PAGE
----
Friday, December 26, 2008

It Makes The World Go Around

I didn't last long in Bamako. On the flight from Casablanca I was disconcerted by the number of people coughing profusely. Half a day in Bamako made it crystal clear, unlike the air, which is laden with the noxious fumes of hundreds of thousands of 2-stroke scooters and old, decrepit cars and vans. The city is expanding at breakneck speed and I think it's finding it hard to cope - of the roads that aren't paved (most of them) they're half made of dirt whilst the other half is flattened plastic bottles. It is not a particularly historic town and my main place of interest was the sprawling market, which mostly consisted of motorbike repair shops, ancient electrical goods stores, tatty stationers and the ubiquitous mobile phone shops selling the very latest models. Not really what I was looking for. Instead I wanted a watch repair shop to get a new strap for my trusty, dirt-cheap Casio that I bought on the first day of my last trip. Unfortunately time is not a very important thing for Malians - very few of them wear watches, and if they do then 'bling' is always an important factor - and so I wandered the back streets in vain.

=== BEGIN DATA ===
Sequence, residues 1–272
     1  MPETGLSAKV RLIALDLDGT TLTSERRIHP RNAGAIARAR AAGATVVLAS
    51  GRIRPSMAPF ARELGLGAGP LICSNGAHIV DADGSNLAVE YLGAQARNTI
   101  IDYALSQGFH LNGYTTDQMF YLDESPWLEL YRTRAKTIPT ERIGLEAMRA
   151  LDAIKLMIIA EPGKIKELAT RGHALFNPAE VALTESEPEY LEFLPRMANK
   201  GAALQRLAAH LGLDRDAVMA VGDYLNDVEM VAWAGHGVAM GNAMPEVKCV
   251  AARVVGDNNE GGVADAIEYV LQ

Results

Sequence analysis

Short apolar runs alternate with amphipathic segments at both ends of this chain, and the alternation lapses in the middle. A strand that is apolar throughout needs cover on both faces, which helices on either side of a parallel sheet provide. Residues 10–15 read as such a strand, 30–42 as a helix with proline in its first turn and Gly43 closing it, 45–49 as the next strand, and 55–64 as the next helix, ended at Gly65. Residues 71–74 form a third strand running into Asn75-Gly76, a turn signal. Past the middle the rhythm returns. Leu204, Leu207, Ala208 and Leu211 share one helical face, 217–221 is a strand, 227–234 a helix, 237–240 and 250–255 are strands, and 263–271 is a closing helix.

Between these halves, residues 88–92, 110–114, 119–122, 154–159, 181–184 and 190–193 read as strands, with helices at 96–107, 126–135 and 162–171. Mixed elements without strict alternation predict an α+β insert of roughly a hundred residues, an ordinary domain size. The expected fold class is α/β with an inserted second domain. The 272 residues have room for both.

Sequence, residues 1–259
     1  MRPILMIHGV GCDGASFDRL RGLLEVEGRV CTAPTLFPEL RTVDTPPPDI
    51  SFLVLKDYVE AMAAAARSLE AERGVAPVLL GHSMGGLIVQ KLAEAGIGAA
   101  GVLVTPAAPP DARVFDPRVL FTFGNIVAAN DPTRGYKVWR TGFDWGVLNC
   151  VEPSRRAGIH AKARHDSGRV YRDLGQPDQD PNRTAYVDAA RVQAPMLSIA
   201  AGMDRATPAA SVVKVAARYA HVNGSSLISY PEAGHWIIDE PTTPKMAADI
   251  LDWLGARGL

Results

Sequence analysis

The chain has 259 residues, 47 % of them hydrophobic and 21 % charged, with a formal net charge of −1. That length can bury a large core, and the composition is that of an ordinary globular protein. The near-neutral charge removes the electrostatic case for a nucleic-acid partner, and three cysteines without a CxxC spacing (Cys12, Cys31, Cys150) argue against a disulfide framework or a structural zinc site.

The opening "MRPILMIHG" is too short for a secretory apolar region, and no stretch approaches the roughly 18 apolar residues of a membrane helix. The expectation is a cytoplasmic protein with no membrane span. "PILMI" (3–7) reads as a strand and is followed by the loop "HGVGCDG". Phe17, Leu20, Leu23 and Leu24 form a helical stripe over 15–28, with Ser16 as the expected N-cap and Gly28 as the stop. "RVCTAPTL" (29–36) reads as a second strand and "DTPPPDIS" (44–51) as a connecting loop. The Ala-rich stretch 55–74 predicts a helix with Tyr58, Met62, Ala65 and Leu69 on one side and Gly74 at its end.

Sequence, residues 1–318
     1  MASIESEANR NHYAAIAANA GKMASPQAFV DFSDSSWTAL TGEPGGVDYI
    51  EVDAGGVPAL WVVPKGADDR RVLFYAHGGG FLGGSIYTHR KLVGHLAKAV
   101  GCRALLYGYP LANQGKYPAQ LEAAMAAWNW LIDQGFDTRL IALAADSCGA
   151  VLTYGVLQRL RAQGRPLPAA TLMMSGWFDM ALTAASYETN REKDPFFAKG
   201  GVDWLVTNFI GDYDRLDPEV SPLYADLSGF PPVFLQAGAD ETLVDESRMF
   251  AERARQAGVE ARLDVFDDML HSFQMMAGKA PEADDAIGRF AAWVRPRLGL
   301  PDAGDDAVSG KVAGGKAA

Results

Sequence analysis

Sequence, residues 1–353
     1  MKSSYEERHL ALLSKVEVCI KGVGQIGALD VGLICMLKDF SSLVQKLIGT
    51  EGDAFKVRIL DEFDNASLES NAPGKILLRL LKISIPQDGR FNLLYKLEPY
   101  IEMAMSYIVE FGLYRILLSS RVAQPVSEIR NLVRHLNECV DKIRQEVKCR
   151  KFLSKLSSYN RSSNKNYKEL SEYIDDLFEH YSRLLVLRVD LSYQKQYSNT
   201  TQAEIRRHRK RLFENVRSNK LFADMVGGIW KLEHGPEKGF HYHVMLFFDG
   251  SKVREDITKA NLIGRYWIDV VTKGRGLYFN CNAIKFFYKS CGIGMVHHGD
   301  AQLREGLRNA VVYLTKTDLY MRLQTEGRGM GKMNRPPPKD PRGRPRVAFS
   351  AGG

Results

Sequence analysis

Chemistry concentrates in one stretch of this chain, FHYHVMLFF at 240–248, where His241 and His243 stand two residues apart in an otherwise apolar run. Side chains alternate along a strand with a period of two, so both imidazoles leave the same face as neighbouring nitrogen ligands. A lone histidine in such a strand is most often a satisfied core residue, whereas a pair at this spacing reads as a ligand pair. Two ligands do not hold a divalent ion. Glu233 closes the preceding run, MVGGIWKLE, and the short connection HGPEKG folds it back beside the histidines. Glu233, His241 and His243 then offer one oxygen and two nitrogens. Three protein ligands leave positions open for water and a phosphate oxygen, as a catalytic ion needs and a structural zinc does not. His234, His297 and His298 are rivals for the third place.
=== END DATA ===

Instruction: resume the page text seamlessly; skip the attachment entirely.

From Bamako I headed east to Segou, on the banks of the mighty Niger river, the lifeblood of Mali, which winds 1700km through the country on its way to the Atlantic. At this point it is over 500m wide and the last bridge in the country was back in Bamako. The landscape that you pass on the road is quite uniform: flat, red earth covered in dry, impenetrable scrub. Every now and again a dirt track emerges from between the bushes and leads to god-knows-where. The villages are made up of boxy, cinderblock houses with rudimentary, wooden lean-tos serving as little boutiques selling all sorts of things no-one really needs. Segou, or at least the village of Segou-Koro, some 15km distant, used to be the capital of the Malian Bambara empire that ruled the area for 150 years some 300 years ago.